Welcome to our blog page, HOOFBEATS, where we talk about
the countryside with a main emphasis on training and caring for horses and ponies. If you would like to contribute ideas and
information about your own experiences, we would be delighted to hear them. Please email to firstname.lastname@example.org or post to our Facebook Page, Horse and Pony
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The opinions expressed here are from personal experience and we strongly advise you
to contact your vet or your riding instructor if you are seriously worried about your horse.
Here is another question which was asked by a visitor to our website.
Let's deal with ponies first because they're more straight forward when it comes to shoes.
Very small ponies
and ponies for beginners I don't put shoes on small ponies because they usually have hard little feet. Shetlands
rarely, if ever, need shoes. I have a 12 hh pony who has shoes on his front feet only because he is prone to laminitis and
his front feet are sensitive when walking on hard ground. Ponies without shoes are not a hazard to each other when grazing
in the same field as a kick without shoes won't do as much damage.
Ponies for more advanced riders It really depends on how much work the pony is doing. I have a 13.2 hh pony who is used for beginners and also for more
advanced riders and I only have front shoes on him. He can do a bit of road work like this and is fine in the arena. Again
he can't do much damage if he kicks another pony in the field.
Ponies competing It depends
what surface ponies are competing on. Small lead rein ponies don't need shoes unless they have sensitive feet. Ponies competing
on sand or artificial surfaces can also do without shoes but most serious competition ponies would have shoes all round.
Shoes on horses My horses are large - over 16.2 hh - so I always put shoes on them all round.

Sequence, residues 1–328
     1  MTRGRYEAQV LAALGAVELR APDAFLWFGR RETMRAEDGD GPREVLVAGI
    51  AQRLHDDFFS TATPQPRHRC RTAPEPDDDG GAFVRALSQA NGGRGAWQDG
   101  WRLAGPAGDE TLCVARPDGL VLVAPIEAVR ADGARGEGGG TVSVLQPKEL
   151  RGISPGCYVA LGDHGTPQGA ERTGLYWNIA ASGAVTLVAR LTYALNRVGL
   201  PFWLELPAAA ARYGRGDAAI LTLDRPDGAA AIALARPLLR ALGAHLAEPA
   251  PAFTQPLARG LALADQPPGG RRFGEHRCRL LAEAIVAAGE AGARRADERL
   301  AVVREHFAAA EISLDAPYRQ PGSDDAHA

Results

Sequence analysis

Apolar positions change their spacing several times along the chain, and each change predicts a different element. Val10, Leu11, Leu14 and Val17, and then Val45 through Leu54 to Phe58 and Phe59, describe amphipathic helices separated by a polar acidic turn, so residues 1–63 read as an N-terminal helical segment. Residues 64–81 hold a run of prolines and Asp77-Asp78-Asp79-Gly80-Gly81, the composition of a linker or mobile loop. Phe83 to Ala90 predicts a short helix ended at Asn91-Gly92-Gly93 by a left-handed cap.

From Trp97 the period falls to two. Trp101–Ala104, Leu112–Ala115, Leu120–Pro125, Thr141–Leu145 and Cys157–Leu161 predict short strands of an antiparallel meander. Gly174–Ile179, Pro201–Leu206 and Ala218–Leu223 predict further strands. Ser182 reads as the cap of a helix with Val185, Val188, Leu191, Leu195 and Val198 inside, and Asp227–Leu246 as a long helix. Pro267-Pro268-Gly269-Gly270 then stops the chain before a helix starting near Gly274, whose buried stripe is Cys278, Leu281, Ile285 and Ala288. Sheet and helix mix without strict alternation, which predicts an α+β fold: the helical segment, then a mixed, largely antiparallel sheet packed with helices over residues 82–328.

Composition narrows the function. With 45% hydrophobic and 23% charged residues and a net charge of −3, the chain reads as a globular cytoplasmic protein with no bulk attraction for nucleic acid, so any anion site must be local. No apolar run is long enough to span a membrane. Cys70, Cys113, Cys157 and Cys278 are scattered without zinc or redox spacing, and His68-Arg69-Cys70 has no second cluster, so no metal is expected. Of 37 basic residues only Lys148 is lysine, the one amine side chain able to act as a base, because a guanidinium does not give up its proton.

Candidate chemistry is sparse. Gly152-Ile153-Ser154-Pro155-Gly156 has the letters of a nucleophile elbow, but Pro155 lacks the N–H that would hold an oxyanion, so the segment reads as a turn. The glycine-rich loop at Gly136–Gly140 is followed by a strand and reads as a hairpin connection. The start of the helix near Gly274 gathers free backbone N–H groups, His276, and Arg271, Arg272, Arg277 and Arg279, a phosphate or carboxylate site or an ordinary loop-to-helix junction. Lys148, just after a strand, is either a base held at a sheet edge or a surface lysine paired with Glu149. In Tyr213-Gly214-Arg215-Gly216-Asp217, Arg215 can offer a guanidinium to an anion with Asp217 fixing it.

This means there's no problem about road work or riding them on hard ground. However, it does mean that I don't put them in
the same field. I divide a field with an electric fence so that they can still talk to each other and groom each other but
they can't kick each other. I know many people might think this is overcautious and many horses with shoes on hind feet are
put in a field together but I have had the misfortune of having two of my horses put down from broken legs after being kicked
by other horses. Neither was on my property at the time and I would always advise people to avoid this heartbreak if at all
possible by only putting horses in the same field if they have no hind shoes on.
Horses used for leisure riding
don't always need shoes, especially if they are only ridden in an arena on an articifial surface. Young horses don't need
shoes unless they are doing road work or might only need front shoes if they have sensitive feet.
In summary I suppose the basic rule regarding shoes on ponies and horses is the smaller and lighter the animal, the less likely it
is to need shoes, especially if not competing nor doing road work. It is obviously much cheaper to keep a horse or pony without
shoes as the feet only need paring.
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FURminator Equine - We recently bought one of these ourselves and have found it great. It effortlessly removed loose
hair and the horses really seem to enjoy being groomed with it. We even tried it out on our dog! Obviously you need to take
care not to use it on parts of the body where the bone is close to the surface, such as face and legs. (by Suzanne Lalor,
Horse and Pony Info)
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Answer to Horse Breed Puzzle
There are 5 breeds mentioned: Shetland, New Forest, Welsh Mountain, Thoroughbred
and Irish Draught.
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